News from The Pale

The European City of Dublin

The European City of Dublin

We are in  Dublin for a few days. Some of you will remember my piece on the expression Beyond the Pale: now I can report from The Pale itself. In some ways Dublin is quite like any other capital city in the world – it has its shops and shows – but in others it is unmistakably Irish. The National Museum, for example, has one of the greatest collection of Bronze Age artefacts anywhere – and some Rock Art

Gold Lunula from County Kerry - a 4,500 year old artefact in the National Museum

Gold Lunula from County Kerry – a 4,500 year old artefact in the National Museum

…while Trinity College Library, Dublin, is the home of the Book of Kells – an equally impressive medieval treasure. This unfinished manuscript dates possibly from the eighth century and tradition has it that it could have been begun by St Columba himself and that it was worked on for at least three centuries.


The Book of Kells

Away from the centre of things we discovered a little gem: Cabinteely Park. This publicly accessible amenity spans 45 hectares and provides city dwellers with walks, woodland, playground and cafe. It was once the estate of the Earls of Clare and now belongs to the local council. The ‘big house’ itself still stands and is undergoing slow restoration. The park is within minutes of where we are staying, and provides us with evening walks in the sunshine – and breakfast treats.

City Amenity: Cabinteely Park

City Amenity: Cabinteely Park

Being an Irish city, the music sessions are good. We went to O’Donoghue’s pub on Friday lunchtime and found 18 musicians gathered: fiddles, concertinas, flutes – and even a bagpipes played by a Scottish visitor.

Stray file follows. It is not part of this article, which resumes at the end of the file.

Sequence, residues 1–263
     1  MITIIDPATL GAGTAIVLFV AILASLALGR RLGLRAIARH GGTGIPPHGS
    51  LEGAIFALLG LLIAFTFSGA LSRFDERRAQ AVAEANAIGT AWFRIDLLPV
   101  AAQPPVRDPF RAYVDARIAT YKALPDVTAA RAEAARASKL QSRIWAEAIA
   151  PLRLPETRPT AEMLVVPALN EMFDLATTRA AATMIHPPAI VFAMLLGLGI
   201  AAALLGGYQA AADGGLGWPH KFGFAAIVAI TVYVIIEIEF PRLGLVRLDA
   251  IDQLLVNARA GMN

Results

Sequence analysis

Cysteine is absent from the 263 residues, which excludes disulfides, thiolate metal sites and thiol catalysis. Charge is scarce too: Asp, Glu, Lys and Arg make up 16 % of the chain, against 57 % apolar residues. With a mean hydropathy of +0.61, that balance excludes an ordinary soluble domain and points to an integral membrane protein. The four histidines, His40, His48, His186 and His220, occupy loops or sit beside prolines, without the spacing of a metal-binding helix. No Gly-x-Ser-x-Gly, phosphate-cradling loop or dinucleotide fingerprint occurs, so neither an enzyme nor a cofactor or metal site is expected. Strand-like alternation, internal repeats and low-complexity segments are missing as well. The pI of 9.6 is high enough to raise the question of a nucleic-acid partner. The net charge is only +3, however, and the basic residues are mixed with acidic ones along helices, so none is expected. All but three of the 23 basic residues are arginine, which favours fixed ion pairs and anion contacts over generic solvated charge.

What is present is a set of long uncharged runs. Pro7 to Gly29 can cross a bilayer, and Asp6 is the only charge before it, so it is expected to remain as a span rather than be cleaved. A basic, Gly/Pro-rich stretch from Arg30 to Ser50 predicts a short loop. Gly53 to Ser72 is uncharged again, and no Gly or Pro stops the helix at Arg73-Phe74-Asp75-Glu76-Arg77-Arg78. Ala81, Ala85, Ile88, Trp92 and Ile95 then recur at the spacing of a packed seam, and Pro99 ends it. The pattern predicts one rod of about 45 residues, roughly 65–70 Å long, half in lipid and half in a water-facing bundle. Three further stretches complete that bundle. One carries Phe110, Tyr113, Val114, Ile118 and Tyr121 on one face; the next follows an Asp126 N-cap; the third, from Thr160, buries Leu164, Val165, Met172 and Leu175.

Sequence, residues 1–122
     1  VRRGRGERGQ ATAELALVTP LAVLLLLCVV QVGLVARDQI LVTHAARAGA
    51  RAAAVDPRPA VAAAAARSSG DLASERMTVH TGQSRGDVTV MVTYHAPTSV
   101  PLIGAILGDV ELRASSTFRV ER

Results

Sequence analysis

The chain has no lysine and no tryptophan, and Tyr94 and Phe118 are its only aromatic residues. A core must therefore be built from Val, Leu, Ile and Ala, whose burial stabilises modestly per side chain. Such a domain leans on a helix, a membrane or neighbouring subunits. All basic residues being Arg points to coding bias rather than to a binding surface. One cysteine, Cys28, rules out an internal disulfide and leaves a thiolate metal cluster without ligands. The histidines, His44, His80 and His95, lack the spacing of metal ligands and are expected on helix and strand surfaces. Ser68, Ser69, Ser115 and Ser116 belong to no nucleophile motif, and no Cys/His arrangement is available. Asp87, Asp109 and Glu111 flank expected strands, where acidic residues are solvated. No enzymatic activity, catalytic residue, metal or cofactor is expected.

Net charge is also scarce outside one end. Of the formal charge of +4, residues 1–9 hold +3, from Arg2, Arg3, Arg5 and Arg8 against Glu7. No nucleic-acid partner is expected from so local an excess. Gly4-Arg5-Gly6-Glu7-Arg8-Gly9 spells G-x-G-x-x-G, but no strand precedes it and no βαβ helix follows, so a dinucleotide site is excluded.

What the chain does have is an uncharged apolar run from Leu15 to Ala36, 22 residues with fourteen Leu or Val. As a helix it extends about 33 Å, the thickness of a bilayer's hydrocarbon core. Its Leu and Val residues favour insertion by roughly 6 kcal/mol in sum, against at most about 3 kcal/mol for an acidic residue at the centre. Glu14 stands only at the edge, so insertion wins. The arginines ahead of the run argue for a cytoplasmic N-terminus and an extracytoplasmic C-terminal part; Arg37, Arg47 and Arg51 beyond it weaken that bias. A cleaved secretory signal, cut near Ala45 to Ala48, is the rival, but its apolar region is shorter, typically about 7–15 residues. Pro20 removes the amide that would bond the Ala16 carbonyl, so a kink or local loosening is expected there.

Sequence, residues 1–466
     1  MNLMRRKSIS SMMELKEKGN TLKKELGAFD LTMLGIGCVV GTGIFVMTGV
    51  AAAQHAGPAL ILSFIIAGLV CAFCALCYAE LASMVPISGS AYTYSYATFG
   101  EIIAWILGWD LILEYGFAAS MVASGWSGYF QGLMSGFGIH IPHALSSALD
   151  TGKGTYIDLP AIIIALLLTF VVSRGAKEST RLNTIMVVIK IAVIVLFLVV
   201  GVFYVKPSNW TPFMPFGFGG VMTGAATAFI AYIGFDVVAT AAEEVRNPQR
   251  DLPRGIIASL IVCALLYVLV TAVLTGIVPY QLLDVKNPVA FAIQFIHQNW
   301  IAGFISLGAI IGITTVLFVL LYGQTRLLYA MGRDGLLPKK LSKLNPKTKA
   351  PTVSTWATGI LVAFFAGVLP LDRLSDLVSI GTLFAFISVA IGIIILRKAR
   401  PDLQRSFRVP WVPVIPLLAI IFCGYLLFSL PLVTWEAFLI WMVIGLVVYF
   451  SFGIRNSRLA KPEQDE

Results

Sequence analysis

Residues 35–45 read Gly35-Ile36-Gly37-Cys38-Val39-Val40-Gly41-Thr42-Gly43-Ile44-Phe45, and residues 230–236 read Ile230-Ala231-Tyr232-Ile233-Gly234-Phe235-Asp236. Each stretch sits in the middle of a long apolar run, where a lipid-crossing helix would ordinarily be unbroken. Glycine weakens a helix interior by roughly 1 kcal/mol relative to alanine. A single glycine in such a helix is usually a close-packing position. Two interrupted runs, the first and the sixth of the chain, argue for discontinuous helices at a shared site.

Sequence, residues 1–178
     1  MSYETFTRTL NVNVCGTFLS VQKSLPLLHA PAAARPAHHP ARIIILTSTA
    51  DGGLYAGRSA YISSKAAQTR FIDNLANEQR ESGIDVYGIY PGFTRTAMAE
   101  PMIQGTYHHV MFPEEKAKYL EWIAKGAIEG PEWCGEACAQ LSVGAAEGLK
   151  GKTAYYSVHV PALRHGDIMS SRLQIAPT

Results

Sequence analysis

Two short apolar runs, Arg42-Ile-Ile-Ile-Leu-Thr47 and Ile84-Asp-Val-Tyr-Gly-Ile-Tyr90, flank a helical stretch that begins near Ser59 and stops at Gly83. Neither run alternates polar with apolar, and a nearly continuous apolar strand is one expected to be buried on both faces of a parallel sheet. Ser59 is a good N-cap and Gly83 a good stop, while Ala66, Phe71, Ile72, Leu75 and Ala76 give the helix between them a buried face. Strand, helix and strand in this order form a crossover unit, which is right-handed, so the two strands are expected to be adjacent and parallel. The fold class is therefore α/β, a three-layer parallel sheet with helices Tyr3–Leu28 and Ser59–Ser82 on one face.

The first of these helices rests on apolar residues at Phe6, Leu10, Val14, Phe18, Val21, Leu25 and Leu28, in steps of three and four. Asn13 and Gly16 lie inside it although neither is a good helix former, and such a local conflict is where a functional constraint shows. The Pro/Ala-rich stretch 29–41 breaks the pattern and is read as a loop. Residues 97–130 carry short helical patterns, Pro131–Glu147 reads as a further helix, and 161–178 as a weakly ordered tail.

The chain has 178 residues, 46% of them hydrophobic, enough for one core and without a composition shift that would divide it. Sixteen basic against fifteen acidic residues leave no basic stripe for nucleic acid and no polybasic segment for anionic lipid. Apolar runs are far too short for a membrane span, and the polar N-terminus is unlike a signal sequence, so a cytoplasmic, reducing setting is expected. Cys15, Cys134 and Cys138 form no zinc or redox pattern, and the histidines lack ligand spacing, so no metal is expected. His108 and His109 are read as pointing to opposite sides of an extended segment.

Trad Session at O'Donoghue's

Trad Session at O’Donoghue’s

In the heart of Dublin City is St Stephen’s Green – which presents a collection  of statues of various Irish figures who are known to the world through the arts: Oscar Wilde, W B Yeats, James Joyce et al, but also nationalists who fought for the cause of Irish independence.

Remembering Irish History in St Stepen's Green

Remembering Irish History in St Stephen’s Green

At present the media is full of the state visit of the President of Ireland to Britain: it can only be a good thing that the two nations should become closer, and it’s great to hear the pretty universal enthusiasm for it from this side of the Irish Sea. So while this new era of better relations is taking off, I am dismayed to read of the rise of nationalistic right wing politics in Britain itself: could these lunatic press-inspired extremists really derail Britain’s place in the European Union? Will common sense ultimately prevail? I can only look on from the shores of a very firmly European country and hope.

Dublin Doorway

Dublin Doorway






Beyond the Pale